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The 25th Annual Putnam County Spelling Bee

a Musical Comedy
CATEGORY : COMEDY MUSICAL
by Music and Lyrics by William Finn

COMPANY : Act 3 Productions [WEBSITE]
VENUE : Act 3 Playhouse [WEBSITE]
ID# 3889

SHOWING : January 06, 2011 - January 09, 2011

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PRODUCTION DESCRIPTION

Six young people in the throes of puberty, overseen by grown-ups who barely managed to escape childhood themselves, learn that winning isn't everything and that losing doesn't necessarily make you a loser.

THE 25TH ANNUAL PUTNAM COUNTY SPELLING BEE is a hilarious tale of overachievers' angst chronicling the experience of six adolescent outsiders vying for the spelling championship of a lifetime. The show's Tony Award winning creative team has created the unlikeliest of hit musicals about the unlikeliest of heroes: a quirky yet charming cast of outsiders for whom a spelling bee is the one place where they can stand out and fit in at the same time.

Rated PG-13 for some adult content.


CAST & CREW LIST
Mitch Mahoney Joe Arnotti
William Barfee Connor Crank
Carl Dad Brad Dickey
Rona Lisa Perretti Ansley Elizabeth Gwinn
Logainne Schwartzandgrubenniere Erin Hamilton
Dan Dad Camron Hunter
Douglas Panch Davis Lee
Jesus Alex Miller
Olive's Mom Michelle Peck
Leaf Coneybear Daniel Pino
Olive's Dad Marcus Rodriguez
Olive Ostrovsky Alli Sheahan
Coneybear's Mom Jo Jo Steine
Chip Tolentino Austin Tijerina
Marcy Park Angie Zhang
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REVIEWS

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ADHD
by playgoer
Saturday, January 8, 2011
4.0
Act3 Productions is putting on a hyperactive version of "The 25th Annual Putnam County Spelling Bee." The cast has been augmented by six performers who take on all of the double-casting in the show. This fills up the small stage, particularly during the frenetic ensemble numbers choreographed by Johnna Mitchell, and adds to the fullness of sound.

The volume is the thing I disliked most about the show. All the performers are miked, even though the theatre is not large and a standing microphone is present center stage. I was impressed by the fine projection and diction displayed in the unamplified opening speech, but when the show started the amplification went into overdrive. I don't think it was needed at all. All the singers have good, strong voices.

The performances of the six main kids were all sparkling in the performance I saw. Austin Tijerina (as Chip Tolentino) perhaps pushed a bit too much vocally, but he had lots of energy. Angie Zhang (as Marcy Park) played her role convincingly, truly shining in her big number. Connor Crank (as William Barfee) brought lots of charming individuality to his performance, and he was matched nicely by Alli Sheahan (a last-minute replacement as Olive Ostrovsky), who had a sweet, hangdog demeanor with true heart underneath. The audience favorite was Daniel Pino (Leaf Coneybear), who did a tremendous job as an insecure, socially inept optimist. Erin Hamilton (as Logainne Schwarzandgrubenniere) was my favorite, investing every look and movement with perfect stage presence and aptness.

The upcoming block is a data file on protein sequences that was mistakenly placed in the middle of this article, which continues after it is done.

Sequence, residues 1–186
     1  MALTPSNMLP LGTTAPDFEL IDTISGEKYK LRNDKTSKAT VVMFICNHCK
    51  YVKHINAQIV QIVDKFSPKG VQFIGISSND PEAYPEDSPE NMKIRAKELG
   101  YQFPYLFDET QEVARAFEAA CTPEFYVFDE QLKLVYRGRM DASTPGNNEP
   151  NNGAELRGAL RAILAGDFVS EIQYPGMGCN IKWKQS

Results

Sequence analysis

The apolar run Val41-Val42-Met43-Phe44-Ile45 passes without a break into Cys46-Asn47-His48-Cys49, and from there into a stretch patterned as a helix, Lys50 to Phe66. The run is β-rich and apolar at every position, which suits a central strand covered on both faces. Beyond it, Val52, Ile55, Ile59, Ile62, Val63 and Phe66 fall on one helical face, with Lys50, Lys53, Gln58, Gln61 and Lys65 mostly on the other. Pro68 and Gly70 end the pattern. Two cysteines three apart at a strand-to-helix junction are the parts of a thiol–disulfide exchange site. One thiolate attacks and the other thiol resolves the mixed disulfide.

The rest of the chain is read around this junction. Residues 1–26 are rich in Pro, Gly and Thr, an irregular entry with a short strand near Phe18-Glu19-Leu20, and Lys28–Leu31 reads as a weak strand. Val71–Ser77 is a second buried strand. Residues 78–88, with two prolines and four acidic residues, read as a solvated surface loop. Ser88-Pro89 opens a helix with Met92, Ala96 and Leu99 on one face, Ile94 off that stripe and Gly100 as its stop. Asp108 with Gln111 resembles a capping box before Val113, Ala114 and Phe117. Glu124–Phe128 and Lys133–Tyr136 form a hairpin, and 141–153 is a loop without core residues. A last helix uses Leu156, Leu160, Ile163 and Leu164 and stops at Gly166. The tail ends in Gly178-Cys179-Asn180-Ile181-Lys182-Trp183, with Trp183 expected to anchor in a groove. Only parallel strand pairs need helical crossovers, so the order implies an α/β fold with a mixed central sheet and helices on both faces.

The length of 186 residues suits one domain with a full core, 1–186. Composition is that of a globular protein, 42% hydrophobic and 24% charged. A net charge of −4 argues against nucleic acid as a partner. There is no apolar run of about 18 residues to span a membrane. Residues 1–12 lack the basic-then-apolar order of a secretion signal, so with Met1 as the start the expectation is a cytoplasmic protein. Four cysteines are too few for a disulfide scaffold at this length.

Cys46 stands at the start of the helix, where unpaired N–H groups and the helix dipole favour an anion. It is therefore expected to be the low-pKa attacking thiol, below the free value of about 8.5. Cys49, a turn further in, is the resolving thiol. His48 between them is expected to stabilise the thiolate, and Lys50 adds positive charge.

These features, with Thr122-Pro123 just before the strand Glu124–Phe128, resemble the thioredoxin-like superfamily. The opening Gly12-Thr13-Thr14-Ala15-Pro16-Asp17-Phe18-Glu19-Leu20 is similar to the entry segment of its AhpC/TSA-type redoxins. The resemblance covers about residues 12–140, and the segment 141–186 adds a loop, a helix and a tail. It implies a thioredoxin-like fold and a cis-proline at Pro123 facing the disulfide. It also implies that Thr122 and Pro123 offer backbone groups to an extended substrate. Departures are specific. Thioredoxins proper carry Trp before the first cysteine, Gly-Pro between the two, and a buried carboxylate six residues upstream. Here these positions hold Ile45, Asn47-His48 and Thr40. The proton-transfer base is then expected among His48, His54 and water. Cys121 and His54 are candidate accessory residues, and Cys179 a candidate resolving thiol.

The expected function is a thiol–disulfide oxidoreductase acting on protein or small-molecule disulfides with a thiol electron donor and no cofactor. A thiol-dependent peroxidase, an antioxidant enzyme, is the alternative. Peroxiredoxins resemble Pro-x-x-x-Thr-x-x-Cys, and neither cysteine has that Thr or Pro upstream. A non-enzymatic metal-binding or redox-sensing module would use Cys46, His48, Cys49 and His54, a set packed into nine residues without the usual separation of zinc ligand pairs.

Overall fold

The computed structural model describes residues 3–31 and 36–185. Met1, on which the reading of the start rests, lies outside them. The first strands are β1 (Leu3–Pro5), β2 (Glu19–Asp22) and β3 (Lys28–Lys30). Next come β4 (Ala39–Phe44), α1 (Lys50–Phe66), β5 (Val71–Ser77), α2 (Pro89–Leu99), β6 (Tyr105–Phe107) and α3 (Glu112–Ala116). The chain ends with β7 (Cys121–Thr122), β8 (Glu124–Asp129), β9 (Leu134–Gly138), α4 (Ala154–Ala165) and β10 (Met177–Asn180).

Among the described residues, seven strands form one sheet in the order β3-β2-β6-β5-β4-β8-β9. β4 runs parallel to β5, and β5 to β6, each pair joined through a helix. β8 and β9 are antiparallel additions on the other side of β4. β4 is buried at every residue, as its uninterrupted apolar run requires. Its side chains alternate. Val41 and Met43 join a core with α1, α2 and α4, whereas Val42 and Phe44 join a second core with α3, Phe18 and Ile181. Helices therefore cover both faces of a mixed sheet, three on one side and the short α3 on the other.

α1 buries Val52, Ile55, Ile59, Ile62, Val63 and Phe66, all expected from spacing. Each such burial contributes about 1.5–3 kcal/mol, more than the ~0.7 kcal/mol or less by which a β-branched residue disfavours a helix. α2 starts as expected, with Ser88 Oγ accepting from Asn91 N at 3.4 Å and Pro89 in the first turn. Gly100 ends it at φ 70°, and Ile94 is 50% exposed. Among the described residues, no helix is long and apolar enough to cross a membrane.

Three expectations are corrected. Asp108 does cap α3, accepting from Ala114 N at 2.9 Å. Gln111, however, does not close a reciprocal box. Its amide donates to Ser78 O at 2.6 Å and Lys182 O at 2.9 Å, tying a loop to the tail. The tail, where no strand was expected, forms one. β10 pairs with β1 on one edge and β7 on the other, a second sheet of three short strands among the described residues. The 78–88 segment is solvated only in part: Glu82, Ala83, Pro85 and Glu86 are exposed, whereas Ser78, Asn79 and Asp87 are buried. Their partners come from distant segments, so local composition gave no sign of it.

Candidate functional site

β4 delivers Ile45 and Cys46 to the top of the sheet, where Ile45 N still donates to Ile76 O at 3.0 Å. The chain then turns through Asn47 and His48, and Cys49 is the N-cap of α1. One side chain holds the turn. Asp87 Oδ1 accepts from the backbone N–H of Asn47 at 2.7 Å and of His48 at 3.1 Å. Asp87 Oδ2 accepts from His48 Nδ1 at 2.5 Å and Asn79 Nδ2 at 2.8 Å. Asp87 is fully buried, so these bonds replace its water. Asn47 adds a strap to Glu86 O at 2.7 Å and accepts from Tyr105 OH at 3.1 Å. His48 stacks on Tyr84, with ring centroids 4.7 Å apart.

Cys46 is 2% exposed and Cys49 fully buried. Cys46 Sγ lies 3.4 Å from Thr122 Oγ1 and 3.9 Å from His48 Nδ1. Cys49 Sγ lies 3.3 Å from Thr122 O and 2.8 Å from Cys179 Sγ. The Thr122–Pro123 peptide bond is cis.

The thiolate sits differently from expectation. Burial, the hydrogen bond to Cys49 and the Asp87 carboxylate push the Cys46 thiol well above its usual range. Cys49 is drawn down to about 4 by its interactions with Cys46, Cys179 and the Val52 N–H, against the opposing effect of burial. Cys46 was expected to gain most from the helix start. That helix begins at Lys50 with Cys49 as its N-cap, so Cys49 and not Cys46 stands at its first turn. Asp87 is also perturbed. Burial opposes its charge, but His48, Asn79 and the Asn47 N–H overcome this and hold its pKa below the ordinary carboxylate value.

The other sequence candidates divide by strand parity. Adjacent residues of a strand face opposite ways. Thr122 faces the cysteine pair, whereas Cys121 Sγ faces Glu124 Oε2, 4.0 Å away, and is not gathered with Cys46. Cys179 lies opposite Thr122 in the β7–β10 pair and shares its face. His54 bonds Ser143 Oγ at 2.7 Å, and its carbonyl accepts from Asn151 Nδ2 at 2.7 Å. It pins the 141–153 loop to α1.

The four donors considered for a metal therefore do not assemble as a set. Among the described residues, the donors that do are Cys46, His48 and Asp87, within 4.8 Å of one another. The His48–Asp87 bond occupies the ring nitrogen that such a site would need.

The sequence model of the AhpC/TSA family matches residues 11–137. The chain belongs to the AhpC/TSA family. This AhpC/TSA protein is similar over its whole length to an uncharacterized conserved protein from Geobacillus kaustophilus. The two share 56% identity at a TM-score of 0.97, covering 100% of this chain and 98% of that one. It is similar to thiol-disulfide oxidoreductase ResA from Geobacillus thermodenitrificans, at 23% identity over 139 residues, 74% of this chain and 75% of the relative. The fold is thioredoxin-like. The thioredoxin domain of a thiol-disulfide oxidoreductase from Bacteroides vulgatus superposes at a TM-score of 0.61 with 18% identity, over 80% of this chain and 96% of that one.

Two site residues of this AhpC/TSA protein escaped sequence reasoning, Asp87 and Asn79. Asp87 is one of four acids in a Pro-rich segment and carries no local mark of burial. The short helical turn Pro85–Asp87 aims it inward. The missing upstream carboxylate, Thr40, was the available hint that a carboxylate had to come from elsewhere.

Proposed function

The three main adult characters were all played well. As Mitch Mahoney, Joe Arnotti once again proved he is a powerhouse performer with great acting, dancing, and singing skills. His height and fitness were put to great comic use as the comfort counselor, physically carrying off a number of people. Ansley Gwinn, as Rona Lisa Perretti, sang beautifully and acted confidently, but did not quite break through as the focal point her character can be. Davis Lee was much too young to play Vice Principal Panch and was a bit unbalanced in his performance, but invested a lot of energy in all his moments. He unfortunately didn't take the time to learn the pronunciation of words. ("Onager," for instance, should have an accent on the first syllable and a soft "g," quite unlike the pronunciation used in the show.)

The other roles are small, fill-in ones, so the actors portraying them don't get a lot of opportunity to shine. The most impressive I saw were Alex Miller as a Yiddish-inflected Jesus and Marcus Rodriguez in two completely dissimilar roles.

The set, designed by Theresa Dean, nicely uses the space and suggests a school gymnasium without going overboard with extraneous decorations. There are a few signs, a basketball hoop, and a set of bleachers. Action occasionally spills out into the audience area, which adds to the immediacy of the show. The audience ate up the non-stop action at the performance I saw, and jumped to their feet in a standing ovation. Director Patti Mactas wisely chose to stage a group curtain call that didn't come close to outlasting the audience's applause.

This production apparently was pulled together in 2.5 weeks. It shows few signs of haste in its elements, though, and provides lots of entertainment. The production is a little overblown, but its constant activity keeps attention throughout. It's a terrific introduction to the show for anyone in the area who hasn't caught one of the many recent productions. [POST A COMMENT REGARDING THIS REVIEW]


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